- How do you think the interaction in a relationship differs in relation to the medium of communication – letters, phone calls, day-to-day life?
I think that any relationship can profit from a correspondence. It is a fascinating way of exchanging ideas. They can be more considered and articulated in ways which are often impossible during everyday encounters and conversations. Sometimes, you can say something in a letter that is impossible to voice otherwise. I only pick up the phone when I have no other choice. I have never been a phone person. The only people I feel entirely comfortable speaking on the phone with are my mom and my brother Krystian. However, André and I were very grateful for the opportunity phone conversations offered us in the beginning of our relationship. They made the words we exchanged in letters real, more tangible. And I loved listening to André’s voice on the phone. It was very special. He liked phoning people and had a few friends with whom he was on the phone daily.
- Neither of you spoke English as a first language, yet you were able to communicate your intimate thoughts and feelings in a language that was not your mother tongue. Therefore, do you think that you expressed yourself differently?
I think, for André, there was no difference. He was absolutely in charge of the languages he wrote in. For me, English was and remains a challenge, but one I constantly delight in. I have been in love with the English language for nearly thirty years now. Being able to express myself in it is a joy and a daily discovery. Writing English to André pushed my linguistic boundaries in ways that only love can, as I wanted to touch him with words as much as I wanted to be able to touch his hand.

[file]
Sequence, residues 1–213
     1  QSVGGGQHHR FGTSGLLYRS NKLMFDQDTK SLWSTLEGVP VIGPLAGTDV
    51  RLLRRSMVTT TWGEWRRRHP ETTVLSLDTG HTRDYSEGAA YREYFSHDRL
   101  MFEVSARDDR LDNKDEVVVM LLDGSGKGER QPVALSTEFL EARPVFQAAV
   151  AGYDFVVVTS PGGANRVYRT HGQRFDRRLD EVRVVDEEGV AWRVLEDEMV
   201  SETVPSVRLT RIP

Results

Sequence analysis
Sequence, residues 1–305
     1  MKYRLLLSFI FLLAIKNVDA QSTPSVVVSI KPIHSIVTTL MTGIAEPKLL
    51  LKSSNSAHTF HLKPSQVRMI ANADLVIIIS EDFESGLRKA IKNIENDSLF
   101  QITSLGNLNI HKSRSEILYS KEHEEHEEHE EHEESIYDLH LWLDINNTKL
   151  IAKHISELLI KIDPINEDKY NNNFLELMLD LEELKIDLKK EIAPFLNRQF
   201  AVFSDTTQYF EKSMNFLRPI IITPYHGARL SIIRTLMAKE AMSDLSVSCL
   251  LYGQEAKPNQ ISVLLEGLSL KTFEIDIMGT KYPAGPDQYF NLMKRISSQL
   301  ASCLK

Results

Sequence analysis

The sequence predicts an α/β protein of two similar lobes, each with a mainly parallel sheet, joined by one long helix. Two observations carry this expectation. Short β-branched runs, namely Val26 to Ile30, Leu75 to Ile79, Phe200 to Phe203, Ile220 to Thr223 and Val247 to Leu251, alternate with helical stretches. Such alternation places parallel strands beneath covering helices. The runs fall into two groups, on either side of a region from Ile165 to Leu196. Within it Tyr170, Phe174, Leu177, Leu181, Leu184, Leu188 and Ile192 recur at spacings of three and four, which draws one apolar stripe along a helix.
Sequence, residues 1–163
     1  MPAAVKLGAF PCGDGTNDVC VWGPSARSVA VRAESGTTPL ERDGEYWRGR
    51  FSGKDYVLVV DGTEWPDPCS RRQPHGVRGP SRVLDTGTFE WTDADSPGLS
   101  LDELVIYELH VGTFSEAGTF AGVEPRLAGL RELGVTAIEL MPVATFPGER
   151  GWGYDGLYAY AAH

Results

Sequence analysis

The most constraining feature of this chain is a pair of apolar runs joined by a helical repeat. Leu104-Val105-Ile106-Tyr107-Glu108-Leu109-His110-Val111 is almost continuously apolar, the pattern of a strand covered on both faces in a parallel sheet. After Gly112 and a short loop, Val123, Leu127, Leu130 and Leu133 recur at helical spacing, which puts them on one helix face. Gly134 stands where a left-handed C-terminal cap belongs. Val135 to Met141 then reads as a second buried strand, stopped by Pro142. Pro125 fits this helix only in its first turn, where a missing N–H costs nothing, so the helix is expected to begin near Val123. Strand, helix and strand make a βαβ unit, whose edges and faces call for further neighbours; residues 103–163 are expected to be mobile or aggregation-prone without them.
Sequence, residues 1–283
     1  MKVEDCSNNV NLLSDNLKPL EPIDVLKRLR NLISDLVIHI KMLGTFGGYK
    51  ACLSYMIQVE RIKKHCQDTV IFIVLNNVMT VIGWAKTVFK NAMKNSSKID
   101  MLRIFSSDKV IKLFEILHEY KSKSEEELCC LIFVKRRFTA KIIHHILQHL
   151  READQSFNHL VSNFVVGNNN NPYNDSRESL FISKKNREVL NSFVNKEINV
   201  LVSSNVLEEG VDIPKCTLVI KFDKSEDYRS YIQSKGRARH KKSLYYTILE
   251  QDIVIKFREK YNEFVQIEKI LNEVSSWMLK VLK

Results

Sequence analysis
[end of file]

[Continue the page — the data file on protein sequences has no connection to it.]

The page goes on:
- In the book, the first correspondence was thank you notes (before you met). What led to your decision to write him another longer thank you letter?
In hindsight, I think it was some kind of intuition. We both knew that something magical had happened when we met in Austria. The letters were the only way to attempt to express those feelings and ideas. There was an element of madness involved in the process, and it took loads and loads of courage. I am amazed how brave we were, how we knew that this was the right thing to do, against all odds. And, as the meeting in Paris confirmed, it wasn’t just words. It was all real, after all. André and I defied all those odds and turned all those dreams expressed in the letters into reality. The decade we spent together was everything we had hoped for and more. We often think that something is beyond our reach no matter how much we long for it. And, sometimes, when we are lucky – and courageous enough – the impossible becomes possible. That’s the miracle of love.
- Why did you decide on this format, instead of the memoir format? Why only publish the original letters – an unprocessed text, in a way – thereby leaving the text open for interpretation?
I have written a memoir about our relationship and André’s death. Before publication, I was terrified how readers would respond. But the reception was extremely positive, kind. It is this kindness that made me decide to publish the letters. You cannot control how people will interpret a text – any text. But I hope that people will read the letters with open hearts and kindness.